More importantly, the finished product, the Cudahy-Tyler Bowie Knife, made an old retired cop real happy. Whoever produced the original blade that wound up in that estate sale, I do not know, but I thank that person.

Mr. Tyler and Mr. London facilitated the making of a new family heirloom that has found a home with me.

There are rumors that a limited production of the Cudahy-Tyler Bowie Knife may be in the works. Mr. Tyler advised me if he does produce Cudahy-Tyler Bowie knives, he would create his own blades, and most likely, they would not be stainless steel. (Let us know in the comments below if you would like to see Mr. Tyler making a few for sale?) They would, however, all be unique, and each one different like his current knife options.

The unique difference would be built into each knife by master knife maker Micah London. Mr. London, in his younger days, was an honest to God, West Texas cowboy.

Texas Knifemaker Micah London with the finished Cudahy-Tyler Bowie Knife
Texas Knifemaker Micah London with the finished Cudahy-Tyler Bowie Knife. Here you can appreciate the true size of this monster Bowie.

A knife making Texas cowboy named London, producing future heirlooms that are real tools. Tools to be enjoyed in times of peace and called into action in times of crisis. This concept works for me.

No tomatoes will ever be propped up with the Cudahy-Tyler Bowie knife, even though it is made of stainless steel and could survive quite well outside in the Wisconsin weather.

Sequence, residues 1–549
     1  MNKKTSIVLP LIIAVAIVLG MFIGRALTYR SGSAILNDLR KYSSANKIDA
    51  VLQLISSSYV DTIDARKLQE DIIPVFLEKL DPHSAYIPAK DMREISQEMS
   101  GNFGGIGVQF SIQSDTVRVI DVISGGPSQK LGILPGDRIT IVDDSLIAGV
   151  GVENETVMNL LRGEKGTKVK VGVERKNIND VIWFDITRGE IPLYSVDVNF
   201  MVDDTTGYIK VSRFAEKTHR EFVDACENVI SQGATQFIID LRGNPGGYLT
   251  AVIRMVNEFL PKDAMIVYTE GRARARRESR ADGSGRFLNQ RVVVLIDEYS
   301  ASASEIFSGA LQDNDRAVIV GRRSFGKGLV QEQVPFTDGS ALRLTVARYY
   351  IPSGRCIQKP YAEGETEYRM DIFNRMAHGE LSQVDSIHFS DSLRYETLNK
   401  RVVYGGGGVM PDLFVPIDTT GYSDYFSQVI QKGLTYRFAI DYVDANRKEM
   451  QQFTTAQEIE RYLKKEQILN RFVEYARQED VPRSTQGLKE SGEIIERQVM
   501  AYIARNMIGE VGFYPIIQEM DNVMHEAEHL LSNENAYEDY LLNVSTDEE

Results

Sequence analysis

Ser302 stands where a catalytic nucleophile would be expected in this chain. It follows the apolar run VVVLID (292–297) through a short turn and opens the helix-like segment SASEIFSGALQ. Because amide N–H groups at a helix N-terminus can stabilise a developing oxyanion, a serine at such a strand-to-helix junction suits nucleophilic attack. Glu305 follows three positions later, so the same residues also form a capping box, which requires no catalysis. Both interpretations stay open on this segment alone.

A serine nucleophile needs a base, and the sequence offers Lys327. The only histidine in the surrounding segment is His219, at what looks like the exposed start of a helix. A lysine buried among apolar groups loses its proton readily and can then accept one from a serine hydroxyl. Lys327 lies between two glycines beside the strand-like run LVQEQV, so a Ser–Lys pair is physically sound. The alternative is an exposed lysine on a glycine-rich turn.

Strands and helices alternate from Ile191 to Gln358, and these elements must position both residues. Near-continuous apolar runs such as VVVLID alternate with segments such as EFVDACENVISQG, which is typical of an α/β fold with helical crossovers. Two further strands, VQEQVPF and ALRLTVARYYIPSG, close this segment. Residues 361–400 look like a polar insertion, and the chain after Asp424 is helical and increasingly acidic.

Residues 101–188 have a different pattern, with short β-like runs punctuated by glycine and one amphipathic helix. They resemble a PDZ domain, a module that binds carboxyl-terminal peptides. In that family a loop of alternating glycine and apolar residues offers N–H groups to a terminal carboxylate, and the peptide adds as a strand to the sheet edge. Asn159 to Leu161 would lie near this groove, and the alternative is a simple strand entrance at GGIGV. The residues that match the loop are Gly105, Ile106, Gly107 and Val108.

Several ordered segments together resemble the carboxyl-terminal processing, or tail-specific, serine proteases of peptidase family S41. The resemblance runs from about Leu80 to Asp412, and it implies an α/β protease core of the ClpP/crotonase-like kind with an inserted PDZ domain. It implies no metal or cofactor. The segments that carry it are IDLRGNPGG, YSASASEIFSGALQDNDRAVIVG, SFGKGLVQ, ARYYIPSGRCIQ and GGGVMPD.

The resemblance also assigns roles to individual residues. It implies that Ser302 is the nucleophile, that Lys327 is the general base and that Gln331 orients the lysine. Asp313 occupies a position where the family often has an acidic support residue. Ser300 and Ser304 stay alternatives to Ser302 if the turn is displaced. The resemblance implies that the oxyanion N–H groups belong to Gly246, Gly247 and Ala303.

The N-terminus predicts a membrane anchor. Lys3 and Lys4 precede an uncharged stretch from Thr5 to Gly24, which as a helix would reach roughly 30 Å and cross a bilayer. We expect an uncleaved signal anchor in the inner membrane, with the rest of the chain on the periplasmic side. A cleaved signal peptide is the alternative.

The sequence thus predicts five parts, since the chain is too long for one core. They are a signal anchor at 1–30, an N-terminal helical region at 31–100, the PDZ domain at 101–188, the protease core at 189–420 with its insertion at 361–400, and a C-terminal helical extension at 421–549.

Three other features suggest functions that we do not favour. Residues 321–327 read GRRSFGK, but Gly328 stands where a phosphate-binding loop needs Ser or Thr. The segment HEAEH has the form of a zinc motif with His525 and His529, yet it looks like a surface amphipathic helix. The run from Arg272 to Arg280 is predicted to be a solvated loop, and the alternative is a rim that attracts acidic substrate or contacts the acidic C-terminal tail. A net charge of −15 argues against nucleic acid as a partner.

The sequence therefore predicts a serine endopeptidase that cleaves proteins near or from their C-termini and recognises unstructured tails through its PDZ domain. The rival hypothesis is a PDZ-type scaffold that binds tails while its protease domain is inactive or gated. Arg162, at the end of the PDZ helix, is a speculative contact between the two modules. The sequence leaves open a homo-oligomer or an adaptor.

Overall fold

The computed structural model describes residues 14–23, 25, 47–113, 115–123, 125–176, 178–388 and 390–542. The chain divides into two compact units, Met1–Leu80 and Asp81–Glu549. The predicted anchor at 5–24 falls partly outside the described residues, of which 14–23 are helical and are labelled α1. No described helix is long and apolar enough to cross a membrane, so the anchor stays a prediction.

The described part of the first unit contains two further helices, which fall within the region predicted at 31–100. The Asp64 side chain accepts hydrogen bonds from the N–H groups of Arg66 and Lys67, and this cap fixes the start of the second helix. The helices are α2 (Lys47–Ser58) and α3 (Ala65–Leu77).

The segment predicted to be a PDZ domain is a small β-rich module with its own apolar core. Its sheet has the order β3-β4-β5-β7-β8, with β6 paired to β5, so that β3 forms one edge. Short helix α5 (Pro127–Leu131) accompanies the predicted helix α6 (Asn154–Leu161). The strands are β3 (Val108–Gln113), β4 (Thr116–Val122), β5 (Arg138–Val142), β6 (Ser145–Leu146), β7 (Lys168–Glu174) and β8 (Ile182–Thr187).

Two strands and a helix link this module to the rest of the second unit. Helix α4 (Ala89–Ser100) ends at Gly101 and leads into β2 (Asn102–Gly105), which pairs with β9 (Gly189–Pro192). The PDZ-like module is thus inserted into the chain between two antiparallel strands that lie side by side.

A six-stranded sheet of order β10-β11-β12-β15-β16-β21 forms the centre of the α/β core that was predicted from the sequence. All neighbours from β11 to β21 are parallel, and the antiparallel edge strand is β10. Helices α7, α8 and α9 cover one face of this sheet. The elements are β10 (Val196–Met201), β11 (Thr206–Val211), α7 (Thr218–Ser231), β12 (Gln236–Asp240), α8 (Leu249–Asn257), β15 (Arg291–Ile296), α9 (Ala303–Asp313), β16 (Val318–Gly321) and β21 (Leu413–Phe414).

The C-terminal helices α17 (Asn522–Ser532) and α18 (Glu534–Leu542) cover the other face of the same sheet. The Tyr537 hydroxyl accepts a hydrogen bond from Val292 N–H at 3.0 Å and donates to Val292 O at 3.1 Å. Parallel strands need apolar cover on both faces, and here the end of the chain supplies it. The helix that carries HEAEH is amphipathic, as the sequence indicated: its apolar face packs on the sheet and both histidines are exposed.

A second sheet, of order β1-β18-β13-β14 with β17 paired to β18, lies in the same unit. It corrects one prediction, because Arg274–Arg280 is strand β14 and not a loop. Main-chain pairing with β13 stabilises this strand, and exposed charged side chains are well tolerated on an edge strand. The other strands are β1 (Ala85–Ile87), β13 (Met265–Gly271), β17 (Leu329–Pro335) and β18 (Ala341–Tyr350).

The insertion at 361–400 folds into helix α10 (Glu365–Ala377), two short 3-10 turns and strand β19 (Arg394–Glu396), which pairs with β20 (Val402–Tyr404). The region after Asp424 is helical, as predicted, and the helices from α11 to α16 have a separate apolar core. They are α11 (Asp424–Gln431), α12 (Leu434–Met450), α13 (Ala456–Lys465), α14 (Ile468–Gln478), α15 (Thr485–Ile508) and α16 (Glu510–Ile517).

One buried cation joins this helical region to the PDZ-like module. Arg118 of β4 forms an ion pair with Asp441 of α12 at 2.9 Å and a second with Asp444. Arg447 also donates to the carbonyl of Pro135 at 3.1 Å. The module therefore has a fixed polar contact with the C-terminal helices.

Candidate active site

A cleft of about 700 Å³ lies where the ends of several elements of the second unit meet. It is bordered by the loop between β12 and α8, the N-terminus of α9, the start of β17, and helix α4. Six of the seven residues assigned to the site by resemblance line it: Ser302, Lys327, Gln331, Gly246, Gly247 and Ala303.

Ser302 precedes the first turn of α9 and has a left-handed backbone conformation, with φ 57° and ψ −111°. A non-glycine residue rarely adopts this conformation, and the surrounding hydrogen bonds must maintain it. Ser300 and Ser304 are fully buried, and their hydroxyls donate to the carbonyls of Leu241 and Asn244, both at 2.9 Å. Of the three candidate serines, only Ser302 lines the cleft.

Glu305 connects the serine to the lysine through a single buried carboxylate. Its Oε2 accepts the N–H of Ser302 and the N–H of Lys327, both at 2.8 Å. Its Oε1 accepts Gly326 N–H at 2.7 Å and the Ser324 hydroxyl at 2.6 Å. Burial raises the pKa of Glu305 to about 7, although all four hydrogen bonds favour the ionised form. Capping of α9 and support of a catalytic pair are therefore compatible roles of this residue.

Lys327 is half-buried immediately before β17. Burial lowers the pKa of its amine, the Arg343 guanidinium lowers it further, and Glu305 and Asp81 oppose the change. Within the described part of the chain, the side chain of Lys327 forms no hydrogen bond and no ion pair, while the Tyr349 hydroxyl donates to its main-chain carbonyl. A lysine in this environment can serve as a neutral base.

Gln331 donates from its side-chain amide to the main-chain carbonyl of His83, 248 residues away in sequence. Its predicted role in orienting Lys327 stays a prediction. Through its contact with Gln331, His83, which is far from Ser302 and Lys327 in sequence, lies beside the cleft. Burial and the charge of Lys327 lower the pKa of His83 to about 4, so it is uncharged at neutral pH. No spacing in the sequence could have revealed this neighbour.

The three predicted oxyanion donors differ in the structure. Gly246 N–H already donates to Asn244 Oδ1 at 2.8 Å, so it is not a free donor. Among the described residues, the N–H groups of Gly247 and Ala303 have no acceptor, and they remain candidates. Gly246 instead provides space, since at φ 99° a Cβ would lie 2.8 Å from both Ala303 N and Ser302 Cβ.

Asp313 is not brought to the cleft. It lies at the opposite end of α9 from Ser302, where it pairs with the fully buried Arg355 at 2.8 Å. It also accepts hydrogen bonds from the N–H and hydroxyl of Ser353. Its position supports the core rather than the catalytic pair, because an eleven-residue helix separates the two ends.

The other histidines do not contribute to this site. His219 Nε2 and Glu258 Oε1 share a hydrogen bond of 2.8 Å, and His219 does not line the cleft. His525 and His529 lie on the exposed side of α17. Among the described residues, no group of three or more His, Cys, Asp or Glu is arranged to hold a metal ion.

Perhaps even Mick Dundee might agree that the Cudahy-Tyler Bowie–now that is a real knife.

Major Van Harl USAF Ret.



Major Van Harl USAF RetAbout Major Van Harl USAF Ret.:

Major Van E. Harl USAF Ret., a career Police Officer in the U.S. Air Force, was born in Burlington, Iowa, USA, in 1955. He was the Deputy Chief of police at two Air Force Bases and the Commander of Law Enforcement Operations at another. He is a graduate of the U.S. Army Infantry School.  A retired Colorado Ranger and currently is an Auxiliary Police Officer with the Cudahy PD in Milwaukee County, WI.  His efforts now are directed at church campus safely and security training.  He believes “evil hates organization.”  [email protected]

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Core
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Core

Someday I want to make myself a Marine Corps Raider Bowie out of the finest steel I can acquire.

Will
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Will

@Core,one thing I have started doing since I’ve gotten older is do it now ! When I was younger I procrastinated on many things I wanted to do,and it just never happened. Someday I will,someday I will…never happened. If you want to make that knife you described,Do It !

Autsin Miller III
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Autsin Miller III

Beautiful knife. I am totally unfamiliar with the case hardening process, but I have made several hundred knives and I know stainless steel can be tricky to harden properly, does the case hardening bring the steel within hardness specs for a knife blade? Glad you saved that, it’s a cool story.